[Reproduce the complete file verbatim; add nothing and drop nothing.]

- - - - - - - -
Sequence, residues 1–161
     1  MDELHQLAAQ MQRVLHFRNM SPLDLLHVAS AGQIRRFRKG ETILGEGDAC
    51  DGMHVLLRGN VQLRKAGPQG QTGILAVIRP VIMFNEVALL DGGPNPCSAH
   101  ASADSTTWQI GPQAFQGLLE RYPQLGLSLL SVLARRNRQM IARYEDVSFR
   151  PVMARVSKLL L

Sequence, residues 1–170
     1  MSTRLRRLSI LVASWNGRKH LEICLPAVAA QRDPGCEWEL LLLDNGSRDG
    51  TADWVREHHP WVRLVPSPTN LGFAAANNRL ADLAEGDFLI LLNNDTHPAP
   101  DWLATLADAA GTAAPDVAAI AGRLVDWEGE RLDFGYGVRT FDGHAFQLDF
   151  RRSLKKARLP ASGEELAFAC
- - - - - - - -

Sequence, residues 1–161
     1  MDELHQLAAQ MQRVLHFRNM SPLDLLHVAS AGQIRRFRKG ETILGEGDAC
    51  DGMHVLLRGN VQLRKAGPQG QTGILAVIRP VIMFNEVALL DGGPNPCSAH
   101  ASADSTTWQI GPQAFQGLLE RYPQLGLSLL SVLARRNRQM IARYEDVSFR
   151  PVMARVSKLL L

Sequence, residues 1–170
     1  MSTRLRRLSI LVASWNGRKH LEICLPAVAA QRDPGCEWEL LLLDNGSRDG
    51  TADWVREHHP WVRLVPSPTN LGFAAANNRL ADLAEGDFLI LLNNDTHPAP
   101  DWLATLADAA GTAAPDVAAI AGRLVDWEGE RLDFGYGVRT FDGHAFQLDF
   151  RRSLKKARLP ASGEELAFAC